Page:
Democratizing Snobbery

Matt Yglesias and Megan McArdle, who both earned their coastal elite cred the old-fashioned way, by growing up in New York City, have both taken positions against newly urbanized snobs who grew up in Podunk USA. Megan says that “if there’s anything sadder than people who act like having grown up in New York makes them the apex of the social universe, it’s people who act like this when they grew up in Shaker Heights.”

And here’s Yglesias:

Most of New York City’s elitists grew up in very conventional middle class suburbs and then moved to the city sometime after college. They may look like — indeed, be — Greenpoint hipsters now, but they come from the same places as all the other college educated white people in this country.

This is most certainly true, but I’m not sure why it invalidates their snobbery. Why should New York-based urban elitism be so exclusionary?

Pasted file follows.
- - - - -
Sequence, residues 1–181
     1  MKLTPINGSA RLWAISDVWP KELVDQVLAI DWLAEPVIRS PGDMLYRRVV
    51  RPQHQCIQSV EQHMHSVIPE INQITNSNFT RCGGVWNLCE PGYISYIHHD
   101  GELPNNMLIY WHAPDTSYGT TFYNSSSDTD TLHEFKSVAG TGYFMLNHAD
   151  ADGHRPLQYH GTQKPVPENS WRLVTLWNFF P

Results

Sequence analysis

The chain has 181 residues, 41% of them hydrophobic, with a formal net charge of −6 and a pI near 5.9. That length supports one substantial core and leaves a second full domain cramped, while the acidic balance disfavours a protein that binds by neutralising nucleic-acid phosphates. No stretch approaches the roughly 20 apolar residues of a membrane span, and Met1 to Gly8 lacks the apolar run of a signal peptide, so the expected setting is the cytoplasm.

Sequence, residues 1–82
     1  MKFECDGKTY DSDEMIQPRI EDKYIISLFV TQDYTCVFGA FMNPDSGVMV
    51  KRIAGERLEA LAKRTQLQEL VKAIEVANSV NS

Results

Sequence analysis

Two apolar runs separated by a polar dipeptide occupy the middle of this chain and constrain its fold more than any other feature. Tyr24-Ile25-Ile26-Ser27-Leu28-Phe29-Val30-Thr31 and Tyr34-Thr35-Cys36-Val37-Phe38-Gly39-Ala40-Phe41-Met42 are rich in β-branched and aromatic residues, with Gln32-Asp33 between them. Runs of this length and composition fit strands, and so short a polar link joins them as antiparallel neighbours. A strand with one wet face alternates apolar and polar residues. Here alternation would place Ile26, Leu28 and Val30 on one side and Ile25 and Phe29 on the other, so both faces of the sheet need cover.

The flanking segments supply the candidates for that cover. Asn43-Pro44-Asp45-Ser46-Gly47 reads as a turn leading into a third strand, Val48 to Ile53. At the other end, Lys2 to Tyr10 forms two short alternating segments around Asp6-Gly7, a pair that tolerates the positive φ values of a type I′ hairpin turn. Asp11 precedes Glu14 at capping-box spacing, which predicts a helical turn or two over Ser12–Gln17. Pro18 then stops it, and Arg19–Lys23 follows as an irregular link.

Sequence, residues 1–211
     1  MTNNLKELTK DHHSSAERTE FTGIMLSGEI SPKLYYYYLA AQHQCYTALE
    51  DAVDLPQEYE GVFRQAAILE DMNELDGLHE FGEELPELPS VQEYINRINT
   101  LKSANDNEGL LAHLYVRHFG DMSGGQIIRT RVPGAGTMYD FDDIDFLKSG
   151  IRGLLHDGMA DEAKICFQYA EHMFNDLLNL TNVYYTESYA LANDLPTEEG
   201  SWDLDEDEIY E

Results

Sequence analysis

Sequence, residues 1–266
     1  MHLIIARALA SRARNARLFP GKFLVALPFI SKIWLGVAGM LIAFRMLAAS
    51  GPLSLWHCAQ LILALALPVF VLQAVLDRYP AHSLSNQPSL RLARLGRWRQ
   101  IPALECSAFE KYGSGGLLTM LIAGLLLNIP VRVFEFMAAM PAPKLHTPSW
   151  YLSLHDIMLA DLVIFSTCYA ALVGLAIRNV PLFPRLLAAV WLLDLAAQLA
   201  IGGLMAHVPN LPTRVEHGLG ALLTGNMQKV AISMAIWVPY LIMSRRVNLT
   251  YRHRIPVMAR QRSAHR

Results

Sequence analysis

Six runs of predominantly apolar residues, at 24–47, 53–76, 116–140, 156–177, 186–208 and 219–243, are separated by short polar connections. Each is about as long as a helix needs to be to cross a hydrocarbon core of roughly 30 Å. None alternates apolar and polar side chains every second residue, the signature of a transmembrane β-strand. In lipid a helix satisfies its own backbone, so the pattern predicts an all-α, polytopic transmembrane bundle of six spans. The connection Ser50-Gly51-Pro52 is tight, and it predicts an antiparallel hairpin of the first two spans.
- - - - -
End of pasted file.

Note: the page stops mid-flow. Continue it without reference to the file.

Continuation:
Now, I’m by no means a city-snob, but I do generally prefer urban living, and I grew up in a small town on the Florida panhandle, so let me say a few words in defense of those who, like me, are newly urbanized and enjoy it. I think both Matt and Megan are missing something crucial, which is that quite a few of the people who end up living in big cities and reacting with disdain to the trappings of suburbia and small-town life did so before they moved to the city. It’s not that they were all affable Midwesterners who adopted a pose upon moving to Brooklyn. Growing up in flyover country, whether it’s a generic, green-grass exurb or a genuine small town, you meet a lot of people, many of whom have relatively little experience with what Matt and Megan would understand urban life, who genuinely don’t like their surroundings. Not surprisingly, many of them end up heading off to big cities after college. This doesn’t make these people any less insufferable, at their worst, but it at the very least means that their sentiments are authentic, and I don’t see why they ought to be excluded from participating in the ritual sneering of urban snobbery. Just because they ate at Outback and Chilli’s for twenty years doesn’t mean they wanted to—just that they had no other choice.